Our new article describes the large-scale cultivation potential of the Northern Hemisphere Sea Lettuce (Ulva fenestrata) in an off-shore setting. We examined the effect of early hatchery conditions on the biomass yield and the seaweed´s biochemical composition and discuss how that could be useful for a flourishing sustainable future Blue Economy.
Ulva biomass has gained increasing interest from different economic sectors due to its many high-value compounds (fatty acid, protein, carbohydrate etc.). However, the European seaweed aquaculture sector is yet to start expanding its biomass production. To date, cultivation of Ulva spp. in Europe has mainly been limited to coastal near- and on-shore areas. Nevertheless, land-based cultivation systems are challenged by distinctive fixed and variable costs and if not operated effectively they are in most of the cases too costly and inappropriate for commercial scale production of seaweeds. With our new study we were able to show for the first time that a large-scale cultivation of the Northern Hemisphere Sea Lettuce Ulva fenestrata is possible in an open-water seafarm.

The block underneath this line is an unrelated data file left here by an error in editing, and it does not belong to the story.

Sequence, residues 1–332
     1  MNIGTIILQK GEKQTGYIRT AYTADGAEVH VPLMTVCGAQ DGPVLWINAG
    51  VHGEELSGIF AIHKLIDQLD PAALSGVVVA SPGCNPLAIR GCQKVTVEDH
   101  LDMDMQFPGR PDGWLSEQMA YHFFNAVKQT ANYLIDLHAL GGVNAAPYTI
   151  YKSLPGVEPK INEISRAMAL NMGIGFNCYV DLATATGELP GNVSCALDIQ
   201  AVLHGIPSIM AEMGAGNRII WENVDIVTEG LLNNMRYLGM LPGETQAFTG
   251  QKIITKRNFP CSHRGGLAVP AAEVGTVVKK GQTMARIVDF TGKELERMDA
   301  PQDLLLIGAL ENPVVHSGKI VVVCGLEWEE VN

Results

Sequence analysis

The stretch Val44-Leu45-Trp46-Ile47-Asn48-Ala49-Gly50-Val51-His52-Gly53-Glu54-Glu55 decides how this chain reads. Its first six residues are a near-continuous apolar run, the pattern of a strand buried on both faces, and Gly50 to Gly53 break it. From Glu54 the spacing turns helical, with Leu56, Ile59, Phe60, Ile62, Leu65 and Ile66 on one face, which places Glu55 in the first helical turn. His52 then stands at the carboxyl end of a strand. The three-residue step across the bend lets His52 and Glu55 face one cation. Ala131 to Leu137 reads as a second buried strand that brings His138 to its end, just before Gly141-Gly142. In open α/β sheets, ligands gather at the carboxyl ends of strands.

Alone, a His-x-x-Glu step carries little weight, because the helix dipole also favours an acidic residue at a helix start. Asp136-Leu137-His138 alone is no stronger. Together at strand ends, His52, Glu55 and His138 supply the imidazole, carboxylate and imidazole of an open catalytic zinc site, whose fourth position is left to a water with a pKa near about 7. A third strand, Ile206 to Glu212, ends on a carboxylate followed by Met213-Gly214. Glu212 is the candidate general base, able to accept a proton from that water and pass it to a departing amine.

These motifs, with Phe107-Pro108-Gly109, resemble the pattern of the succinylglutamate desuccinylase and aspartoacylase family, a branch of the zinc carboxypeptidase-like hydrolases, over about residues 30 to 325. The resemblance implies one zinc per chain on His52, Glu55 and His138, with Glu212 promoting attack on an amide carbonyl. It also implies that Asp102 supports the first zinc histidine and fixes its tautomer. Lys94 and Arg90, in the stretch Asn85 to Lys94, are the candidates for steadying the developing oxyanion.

Our world population is constantly growing and the need of renewable resources and a shift towards a sustainable exploitation of resources was underlined by the sustainability goals of the United Nations.
According to present-day-research, oceans remain the only environment capable for extensive but yet sustainable agricultural expansion and especially non-fed species are considered an important corner stone in future supply chains. Especially photoautotroph primary producers such as seaweeds are considered a promising resource since they do not compete for arable land, or scarce fresh water resources. Although, this branch of aquaculture is rapidly gaining attention in Europe their cultivation beyond pilot scale is still under development. Our study tries to tackle this important up-scaling part of seaweed aquaculture and we successfully investigated the large-scale off-shore cultivation potential of the northern hemisphere crop Ulva fenestrata. Another central point is finding the right seedling hatchery conditions to foster a subsequently sufficient biomass yield and to accumulate high values of desired biochemicals in the biomass (e.g. high protein or carbohydrate levels). These issues were addressed within our new study and we laid a basis to adapt the desired biomass yield and biochemical profile of the biomass to support seaweed farmers.
If you are interested in our new article you can read and download it here.